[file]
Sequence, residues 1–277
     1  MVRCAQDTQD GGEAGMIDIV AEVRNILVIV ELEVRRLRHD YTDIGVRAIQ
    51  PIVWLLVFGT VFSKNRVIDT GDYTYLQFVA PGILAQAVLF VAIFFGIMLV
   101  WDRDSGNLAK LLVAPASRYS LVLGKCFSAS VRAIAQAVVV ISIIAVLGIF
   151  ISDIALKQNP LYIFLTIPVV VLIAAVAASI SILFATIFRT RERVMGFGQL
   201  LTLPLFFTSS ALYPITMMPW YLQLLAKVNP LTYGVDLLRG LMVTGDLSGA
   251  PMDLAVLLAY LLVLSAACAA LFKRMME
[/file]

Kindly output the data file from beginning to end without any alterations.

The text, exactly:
Sequence, residues 1–277
     1  MVRCAQDTQD GGEAGMIDIV AEVRNILVIV ELEVRRLRHD YTDIGVRAIQ
    51  PIVWLLVFGT VFSKNRVIDT GDYTYLQFVA PGILAQAVLF VAIFFGIMLV
   101  WDRDSGNLAK LLVAPASRYS LVLGKCFSAS VRAIAQAVVV ISIIAVLGIF
   151  ISDIALKQNP LYIFLTIPVV VLIAAVAASI SILFATIFRT RERVMGFGQL
   201  LTLPLFFTSS ALYPITMMPW YLQLLAKVNP LTYGVDLLRG LMVTGDLSGA
   251  PMDLAVLLAY LLVLSAACAA LFKRMME